Apple seeks to introduce the device as soon as this year, this person said. Apple has filed at least 79 patent applications that include the word "wrist," including one for a device with a flexible screen, powered by kinetic energy.
It's been said that Jonathan Ive, who has been the brain child behind the designs of many of Apple's products, including the MacBook Pro, iMac, MacBook Air, iPod, iPod Touch, iPhone, iPad and iPad Mini. Amongst Apple design aficionados, he's God.
Here's why Apple's upcoming watch could be the shot in the arm that the company needs; and could bring the stock rocketing through all-time highs:
A New Sector Means Untouched Revenue Opportunities
This is absolutely massive. The iPhone was one of the biggest successes in the company's history. It generates roughly half of the company's current revenue.
Apple has a knack for tapping into new markets. It did it first when it started into the mp3 business and they carried that over and morphed it into the iPhone. From there, it was the tablets. Every single new product it makes is sexier to look at than what's currently out there and offers superlative new function. Apple only seems to enter into a market if it can be the best. There hasn't been anything that has made major media in the world of wristwatches for as long as I can remember. Like a leopard stalking its prey, this could be the best possible time for Apple to enter into this market.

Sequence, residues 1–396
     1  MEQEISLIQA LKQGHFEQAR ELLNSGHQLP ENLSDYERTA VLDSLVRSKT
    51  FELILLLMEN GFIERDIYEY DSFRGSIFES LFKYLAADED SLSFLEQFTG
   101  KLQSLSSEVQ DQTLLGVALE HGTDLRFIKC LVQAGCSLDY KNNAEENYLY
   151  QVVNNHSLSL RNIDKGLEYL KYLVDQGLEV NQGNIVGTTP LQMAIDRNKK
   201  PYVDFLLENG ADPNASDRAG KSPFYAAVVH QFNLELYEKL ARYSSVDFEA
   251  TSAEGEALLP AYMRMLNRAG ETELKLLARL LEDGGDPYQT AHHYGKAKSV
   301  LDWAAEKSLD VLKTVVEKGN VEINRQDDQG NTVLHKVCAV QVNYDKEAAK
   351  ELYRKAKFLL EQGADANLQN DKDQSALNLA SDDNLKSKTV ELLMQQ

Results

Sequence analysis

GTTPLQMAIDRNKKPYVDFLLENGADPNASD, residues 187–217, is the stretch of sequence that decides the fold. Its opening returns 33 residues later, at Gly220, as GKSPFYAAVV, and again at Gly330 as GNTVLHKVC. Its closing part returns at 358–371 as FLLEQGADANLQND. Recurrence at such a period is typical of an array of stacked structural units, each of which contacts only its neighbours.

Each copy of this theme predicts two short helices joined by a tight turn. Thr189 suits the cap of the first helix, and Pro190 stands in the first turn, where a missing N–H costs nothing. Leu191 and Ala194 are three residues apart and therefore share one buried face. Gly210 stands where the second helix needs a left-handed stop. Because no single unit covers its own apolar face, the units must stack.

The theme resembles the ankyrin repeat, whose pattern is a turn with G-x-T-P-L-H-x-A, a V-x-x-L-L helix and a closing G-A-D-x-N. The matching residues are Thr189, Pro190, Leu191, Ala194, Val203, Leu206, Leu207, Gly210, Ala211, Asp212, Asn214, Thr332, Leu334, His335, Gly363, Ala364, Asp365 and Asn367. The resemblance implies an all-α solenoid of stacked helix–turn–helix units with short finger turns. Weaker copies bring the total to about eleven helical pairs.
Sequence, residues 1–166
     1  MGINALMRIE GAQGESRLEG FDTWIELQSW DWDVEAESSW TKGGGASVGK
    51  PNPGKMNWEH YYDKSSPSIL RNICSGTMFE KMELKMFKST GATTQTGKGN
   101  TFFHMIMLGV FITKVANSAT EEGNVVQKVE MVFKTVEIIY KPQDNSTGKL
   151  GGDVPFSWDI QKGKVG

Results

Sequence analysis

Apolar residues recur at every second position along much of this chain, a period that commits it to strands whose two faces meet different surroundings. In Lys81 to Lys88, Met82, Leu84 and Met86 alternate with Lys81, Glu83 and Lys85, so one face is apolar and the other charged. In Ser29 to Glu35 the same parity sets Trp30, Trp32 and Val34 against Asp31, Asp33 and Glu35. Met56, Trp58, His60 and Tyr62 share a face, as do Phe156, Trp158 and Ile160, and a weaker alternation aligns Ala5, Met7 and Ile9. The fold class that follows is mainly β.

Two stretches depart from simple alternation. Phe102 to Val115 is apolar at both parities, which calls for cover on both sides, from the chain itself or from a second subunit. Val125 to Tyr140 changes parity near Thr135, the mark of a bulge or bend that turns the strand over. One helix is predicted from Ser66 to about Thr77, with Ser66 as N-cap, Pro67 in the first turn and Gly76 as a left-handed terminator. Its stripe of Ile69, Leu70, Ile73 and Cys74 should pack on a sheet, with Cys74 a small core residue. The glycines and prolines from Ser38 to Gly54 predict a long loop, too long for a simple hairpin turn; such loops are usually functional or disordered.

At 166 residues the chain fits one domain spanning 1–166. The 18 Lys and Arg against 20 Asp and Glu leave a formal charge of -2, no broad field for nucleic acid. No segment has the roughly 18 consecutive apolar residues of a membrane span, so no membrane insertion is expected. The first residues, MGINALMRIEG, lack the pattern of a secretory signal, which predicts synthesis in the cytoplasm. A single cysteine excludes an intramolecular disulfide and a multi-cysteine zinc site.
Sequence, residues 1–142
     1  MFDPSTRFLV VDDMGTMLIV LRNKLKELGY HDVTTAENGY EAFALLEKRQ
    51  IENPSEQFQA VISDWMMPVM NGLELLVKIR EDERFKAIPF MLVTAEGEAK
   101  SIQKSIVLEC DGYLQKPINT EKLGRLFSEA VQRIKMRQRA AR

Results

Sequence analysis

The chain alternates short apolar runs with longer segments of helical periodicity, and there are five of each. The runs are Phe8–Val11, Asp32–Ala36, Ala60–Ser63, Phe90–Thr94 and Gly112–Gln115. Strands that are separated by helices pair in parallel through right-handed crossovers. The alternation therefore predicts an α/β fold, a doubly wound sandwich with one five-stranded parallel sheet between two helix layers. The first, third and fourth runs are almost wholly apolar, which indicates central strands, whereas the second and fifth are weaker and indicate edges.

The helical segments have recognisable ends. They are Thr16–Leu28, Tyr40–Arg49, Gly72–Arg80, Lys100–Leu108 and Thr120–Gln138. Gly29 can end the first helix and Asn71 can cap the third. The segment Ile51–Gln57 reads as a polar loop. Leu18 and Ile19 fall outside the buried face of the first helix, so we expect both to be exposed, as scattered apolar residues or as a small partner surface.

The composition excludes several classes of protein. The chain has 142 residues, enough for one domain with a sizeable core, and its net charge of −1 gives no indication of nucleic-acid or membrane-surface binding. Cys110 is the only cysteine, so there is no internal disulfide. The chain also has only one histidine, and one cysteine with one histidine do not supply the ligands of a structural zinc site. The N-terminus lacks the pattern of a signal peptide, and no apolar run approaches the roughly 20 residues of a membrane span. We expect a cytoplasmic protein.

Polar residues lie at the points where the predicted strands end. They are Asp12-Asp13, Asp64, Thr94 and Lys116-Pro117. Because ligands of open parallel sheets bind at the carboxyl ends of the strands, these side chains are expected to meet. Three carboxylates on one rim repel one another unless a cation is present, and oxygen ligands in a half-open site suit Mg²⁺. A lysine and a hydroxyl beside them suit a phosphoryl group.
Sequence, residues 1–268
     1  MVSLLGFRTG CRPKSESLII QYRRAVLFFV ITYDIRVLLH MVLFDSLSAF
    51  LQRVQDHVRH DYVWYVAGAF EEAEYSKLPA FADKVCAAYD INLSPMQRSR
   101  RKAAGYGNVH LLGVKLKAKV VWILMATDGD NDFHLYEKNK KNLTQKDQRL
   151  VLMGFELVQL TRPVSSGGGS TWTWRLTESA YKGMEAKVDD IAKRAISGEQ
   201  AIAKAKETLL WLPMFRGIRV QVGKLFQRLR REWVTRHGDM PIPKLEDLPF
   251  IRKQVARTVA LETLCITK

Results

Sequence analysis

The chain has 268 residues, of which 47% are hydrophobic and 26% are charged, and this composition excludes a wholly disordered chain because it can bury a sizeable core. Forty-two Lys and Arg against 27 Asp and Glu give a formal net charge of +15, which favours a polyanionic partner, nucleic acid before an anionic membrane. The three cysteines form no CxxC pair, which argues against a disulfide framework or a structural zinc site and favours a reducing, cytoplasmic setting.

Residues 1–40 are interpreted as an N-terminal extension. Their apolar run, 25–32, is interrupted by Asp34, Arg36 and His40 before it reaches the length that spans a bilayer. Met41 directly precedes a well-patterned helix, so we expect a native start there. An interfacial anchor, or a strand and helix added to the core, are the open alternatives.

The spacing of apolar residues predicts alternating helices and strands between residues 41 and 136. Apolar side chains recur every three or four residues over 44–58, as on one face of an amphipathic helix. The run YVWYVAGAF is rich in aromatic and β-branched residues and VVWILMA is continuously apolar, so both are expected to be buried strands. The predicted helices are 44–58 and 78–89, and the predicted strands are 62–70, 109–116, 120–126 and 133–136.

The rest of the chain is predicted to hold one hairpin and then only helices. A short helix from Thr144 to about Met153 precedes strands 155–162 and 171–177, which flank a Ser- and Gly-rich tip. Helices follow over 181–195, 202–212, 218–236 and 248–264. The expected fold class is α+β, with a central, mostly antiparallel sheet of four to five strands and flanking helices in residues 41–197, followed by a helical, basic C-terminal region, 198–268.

Time magazine said it best:
Apple normally doesn't invent a new product or product category. Sure, the company did invent the first commercial PC with the Apple II, and the Mac improved on PCs with a graphical user interface and mouse input. But since then, all of Apple's other products have been recreations of existing products. Apple did not invent the MP3 player; Apple reinvented it and made it better. Apple did not invent the smartphone; Apple reinvented it and made it better. And Apple did not invent the tablet; Apple reinvented it and made it better.